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TAMPA — Joseph Citro easily won the District 1 seat on the Tampa City Council, scoring a decisive victory Tuesday night over environmental engineer Walter L. Smith II.

With nearly all precincts reporting, Citro led with about 57 percent of the vote in the citywide district.

It is the fourth time Citro, 60, has run for a city council seat. He touted his long record of service on a variety of city boards and his near-perfect attendance at city council meetings, calling it a "master's level curriculum" on city government. His experience includes service on the Ybor City Development Corporation, the Code Enforcement Board and the Tampa Charter Review Commission.

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TAMPA — Retired police officer Orlando Gudes appears headed for a narrow runoff election victory in the city’s only majority minority district with 21 of 24 precincts reporting.

Gudes, 51, leads funeral home director Jeffrey L. Rhodes, 56, by just over one percentage point in the race for District 5. The tight race follows the same pattern as the primary election, which Rhodes won by just 217 votes.

After his narrow primary loss, Gudes was optimistic that he would benefit from strong support in East Tampa, where he lives. District 5 includes large swathes of the city north of Ybor City.

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TAMPA — For John Dingfelder, his simple campaign catch phrase has become a self-fulfilling prophecy as the first wave of returns came in Tuesday:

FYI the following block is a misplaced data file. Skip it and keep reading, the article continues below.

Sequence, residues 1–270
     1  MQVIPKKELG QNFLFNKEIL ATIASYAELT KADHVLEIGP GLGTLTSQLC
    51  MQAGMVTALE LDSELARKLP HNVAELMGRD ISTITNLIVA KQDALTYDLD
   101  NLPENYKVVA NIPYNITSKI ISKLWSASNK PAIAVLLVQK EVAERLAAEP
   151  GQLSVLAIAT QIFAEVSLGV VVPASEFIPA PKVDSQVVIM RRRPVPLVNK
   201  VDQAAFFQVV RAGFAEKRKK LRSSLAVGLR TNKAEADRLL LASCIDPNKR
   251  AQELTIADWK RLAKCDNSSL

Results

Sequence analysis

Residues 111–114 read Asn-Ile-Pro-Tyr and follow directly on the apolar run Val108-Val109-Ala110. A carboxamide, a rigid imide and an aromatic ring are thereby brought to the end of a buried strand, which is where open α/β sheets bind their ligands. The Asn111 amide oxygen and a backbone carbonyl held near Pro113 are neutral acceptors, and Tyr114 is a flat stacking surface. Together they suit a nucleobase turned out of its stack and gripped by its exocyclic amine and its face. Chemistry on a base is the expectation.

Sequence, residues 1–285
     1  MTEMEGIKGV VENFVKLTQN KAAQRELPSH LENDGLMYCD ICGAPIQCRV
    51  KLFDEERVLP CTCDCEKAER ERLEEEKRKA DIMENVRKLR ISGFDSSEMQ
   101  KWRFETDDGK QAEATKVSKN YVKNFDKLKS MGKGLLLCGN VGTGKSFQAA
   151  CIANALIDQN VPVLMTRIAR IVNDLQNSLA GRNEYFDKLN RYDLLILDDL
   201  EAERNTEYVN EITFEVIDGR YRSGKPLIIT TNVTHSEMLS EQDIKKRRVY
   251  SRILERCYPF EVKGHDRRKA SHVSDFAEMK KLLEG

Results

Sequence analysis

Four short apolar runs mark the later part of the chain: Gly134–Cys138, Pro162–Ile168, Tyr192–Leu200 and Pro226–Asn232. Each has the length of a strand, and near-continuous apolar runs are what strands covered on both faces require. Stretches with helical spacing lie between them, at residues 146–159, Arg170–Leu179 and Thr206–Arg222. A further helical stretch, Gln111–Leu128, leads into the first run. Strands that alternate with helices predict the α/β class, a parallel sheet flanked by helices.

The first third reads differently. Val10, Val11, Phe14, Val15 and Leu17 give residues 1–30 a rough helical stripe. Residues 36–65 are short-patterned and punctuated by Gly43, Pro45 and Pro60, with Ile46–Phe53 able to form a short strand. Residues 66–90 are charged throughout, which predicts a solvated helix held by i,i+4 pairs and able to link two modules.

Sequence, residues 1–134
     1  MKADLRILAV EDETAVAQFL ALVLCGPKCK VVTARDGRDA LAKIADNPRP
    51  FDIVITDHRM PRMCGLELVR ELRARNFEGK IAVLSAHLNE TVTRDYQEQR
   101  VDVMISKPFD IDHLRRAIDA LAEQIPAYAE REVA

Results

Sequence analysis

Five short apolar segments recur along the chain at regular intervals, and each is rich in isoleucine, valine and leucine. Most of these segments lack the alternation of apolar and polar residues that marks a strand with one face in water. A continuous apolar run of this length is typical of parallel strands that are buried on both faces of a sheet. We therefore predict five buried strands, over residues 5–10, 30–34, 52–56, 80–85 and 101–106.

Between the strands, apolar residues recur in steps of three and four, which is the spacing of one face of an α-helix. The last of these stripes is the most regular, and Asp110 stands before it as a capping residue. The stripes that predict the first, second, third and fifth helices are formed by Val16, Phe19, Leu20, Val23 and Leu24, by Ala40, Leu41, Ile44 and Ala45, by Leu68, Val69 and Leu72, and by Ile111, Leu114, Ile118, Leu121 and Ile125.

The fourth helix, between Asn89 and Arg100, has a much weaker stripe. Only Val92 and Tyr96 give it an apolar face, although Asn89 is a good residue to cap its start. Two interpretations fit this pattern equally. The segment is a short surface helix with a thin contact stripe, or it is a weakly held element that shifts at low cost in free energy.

“Experience Counts!” was the message the 62-year-old political stalwart and former City Council member hammered home through mailers and yard signs, in town halls and campaign ads, in the race for the city-wide District 3 seat.

Experience, and strong fundraising, has carried Dingfelder back to Tampa City Council. He had 64 percent of the vote in his race against 37-year-old political newcomer Stephen Lytle, according to 98 of 103 precincts reporting, early voting and mail ballots.

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TAMPA — Jane Castor is Tampa’s next mayor, making history as the first openly gay mayor in the city and region’s history.

With all but 5 of 103 precincts reporting, she leads opponent David Straz by a 73-27 percentage point margin, according to the Hillsborough County Supervisor of Elections office at 7:10 p.m.

Turnout was 22.44 percent, which means about 3,000 more voters cast ballots in the runoff than in the March 5 general election. Weather wasn’t a factor as relatively mild temperatures and sunny skies prevailed throughout the day.

Keep reading   6 min. read  

TALLAHASSEE --- Law-enforcement officers could pull over motorists they see texting and driving, under a measure approved Tuesday by the House despite concerns the change could increase racial profiling.

However, the Senate is set to vote Wednesday on a different proposal that would only allow motorists to use hands-free wireless devices when they are traveling on Florida roads, a restriction that House leaders haven’t supported.

The House voted 104-9 on the proposal (HB 107) by Rep. Jackie Toledo, R-Tampa, and Rep. Emily Slosberg, D-Boca Raton, that would shift texting while driving from a “secondary” offense to a “primary” offense.

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Related: Follow our live blog on the mayor’s race.

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From PolitiFact Florida